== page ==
instant claim for $ 100,000.00 by the very terms of the "certification of Resolution Authorizing a Facsimile Signature."
Based upon this Resolution, Girard contends: (1) the facsimile signature on the alleged forged checks resemble the authorized facsimile signature, (2) the Credit Union is precluded from denying the authenticity of the facsimile signature; and (3) the Credit Union agreed to indemnify Girard for any loss sustained as a result of its acting upon the Resolution. Accordingly, Girard requests that the plaintiff's complaint be dismissed.
Plaintiff's position is that the "form" Resolution provides Girard no defense against plaintiff's claim for reimbursement. It argues that since it states only that facsimiles are to be treated the same as if they were manual signatures, and under Pennsylvania law, a bank is liable to the depositor when it pays out funds on the basis of an unauthorized signature. Furthermore, as an exculpatory clause, the plaintiff asserts that: (1) the clause is a contract of adhesion; (2) it is void since it violates public policy, and; (3) it violates the mandate of the Pennsylvania Commercial Code.
II. Liability for Unauthorized Signatures
of the Pennsylvania Commercial Code (hereinafter the Code) is devoted to Bank Deposits and Collections, and in conjunction with Article Three,
governs the duties and liabilities of the parties in this case. Section 4401(a) of the Code states the general rule as to when a bank may lawfully charge the account of its customer. In pertinent part, it provides that "... a bank may charge against his (the customer's) account any item which is otherwise properly payable...." 13 Pa.C.S.C. § 4401(a). Section 3404 of the Code, however, prescribes the legal effect of unauthorized signatures stating that "(any) unauthorized signature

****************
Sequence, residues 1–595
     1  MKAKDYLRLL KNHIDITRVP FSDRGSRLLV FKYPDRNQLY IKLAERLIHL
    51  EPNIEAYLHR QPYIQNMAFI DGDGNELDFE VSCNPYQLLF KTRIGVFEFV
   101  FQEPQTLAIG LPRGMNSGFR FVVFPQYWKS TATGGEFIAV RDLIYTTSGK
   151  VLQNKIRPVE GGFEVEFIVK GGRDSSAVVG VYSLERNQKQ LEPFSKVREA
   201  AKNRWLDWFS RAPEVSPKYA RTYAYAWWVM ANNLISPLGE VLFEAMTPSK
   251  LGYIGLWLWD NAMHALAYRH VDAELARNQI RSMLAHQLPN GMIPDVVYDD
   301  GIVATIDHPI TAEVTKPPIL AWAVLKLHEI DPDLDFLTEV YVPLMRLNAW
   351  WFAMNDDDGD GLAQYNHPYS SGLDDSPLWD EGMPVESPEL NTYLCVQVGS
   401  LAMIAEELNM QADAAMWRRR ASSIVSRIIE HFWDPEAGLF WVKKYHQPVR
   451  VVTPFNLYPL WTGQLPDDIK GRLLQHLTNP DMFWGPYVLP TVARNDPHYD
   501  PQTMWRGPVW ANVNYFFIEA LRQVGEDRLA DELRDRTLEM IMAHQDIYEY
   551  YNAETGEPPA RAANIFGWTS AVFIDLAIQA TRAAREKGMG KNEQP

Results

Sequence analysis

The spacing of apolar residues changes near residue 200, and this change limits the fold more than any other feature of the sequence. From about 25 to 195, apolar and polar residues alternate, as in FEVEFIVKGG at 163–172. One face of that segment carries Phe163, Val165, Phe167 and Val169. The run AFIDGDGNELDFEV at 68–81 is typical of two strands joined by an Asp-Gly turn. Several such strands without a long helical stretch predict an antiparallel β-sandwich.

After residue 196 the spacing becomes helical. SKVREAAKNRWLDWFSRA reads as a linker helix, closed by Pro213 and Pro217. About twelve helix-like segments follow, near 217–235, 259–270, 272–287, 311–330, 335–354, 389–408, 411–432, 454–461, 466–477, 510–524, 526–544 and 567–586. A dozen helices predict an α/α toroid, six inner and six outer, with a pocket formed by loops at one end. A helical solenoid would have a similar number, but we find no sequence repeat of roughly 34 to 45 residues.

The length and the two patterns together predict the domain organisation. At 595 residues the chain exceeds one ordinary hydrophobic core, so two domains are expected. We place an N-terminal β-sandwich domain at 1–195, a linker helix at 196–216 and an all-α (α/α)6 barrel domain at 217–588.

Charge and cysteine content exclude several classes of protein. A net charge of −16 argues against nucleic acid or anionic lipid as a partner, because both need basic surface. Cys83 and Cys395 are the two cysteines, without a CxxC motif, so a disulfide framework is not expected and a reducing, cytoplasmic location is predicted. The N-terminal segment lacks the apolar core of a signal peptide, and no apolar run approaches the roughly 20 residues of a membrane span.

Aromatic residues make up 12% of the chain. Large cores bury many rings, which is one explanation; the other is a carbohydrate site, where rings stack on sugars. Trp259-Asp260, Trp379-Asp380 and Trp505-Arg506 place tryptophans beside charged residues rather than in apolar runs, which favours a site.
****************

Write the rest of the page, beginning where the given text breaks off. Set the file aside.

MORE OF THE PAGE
is wholly inoperative as that of the person whose name is signed unless he ratifies it or is precluded from denying it." 13 Pa.C.S.A. § 3404. The case law is clear that pursuant to Section 3404 an instrument containing a forged or unauthorized signature is not "properly payable" within the meaning of Section 4401. Perini Corp. v. First Nat. Bank of Habersham County, 553 F.2d 398, 403-04 (5th Cir.), reh. den., 557 F.2d 823 (1977); Winkie v. Heritage Bank of Whitefish Bay, 99 Wis.2d 616, 299 N.W.2d 829, 833 (1981); Hardex-Steubenville Corp. v. Western Pennsylvania Nat. Bank, 446 Pa. 446, 449, 285 A.2d 874, 876 (1971).
Together the foregoing sections of the Code codify the pre-UCC view that a bank's duty to its customer rests upon an implied contract to honor a depositor's checks which bear genuine signatures. Hence, in honoring a forged check the bank is deemed to have used its own money not the depositor's, and is liable on the contract of deposit to recredit its customer's account.
See O'Malley, Common Check Frauds and the Uniform Commercial Code, 23 Rutgers L.Rev. 189, 195 n.38 (1969) (citing Grubnau v. Centennial Nat'l Bank, 279 Pa. 501, 504, 124 A. 142, 143 (1924)).
At this juncture, it must be noted that this is most probably a case of "double forgery,"
although the parties submit that they are unable to determine whether the payees of the instruments were indeed fictitious. The legal consequences of such double forgery cases was set forth in Perini Corp. v. First Nat. Bank of Habersham County, supra, 553 F.2d 398 (5th Cir. 1977). In Perini, the court concluded that the controlling defect was the unauthorized signature of the drawer. Id. at 412, 415-16; Winkie, Inc. v. Heritage Bank of Whitefish Bay, supra, 99 Wis.2d 616, 299 N.W.2d at 836 and 838; Brighton, Inc. v. Colonial Nat. Bank, supra, 179 N.J.Super. 101, 422 A.2d at 440. Consequently, the drawee could not be held liable in conversion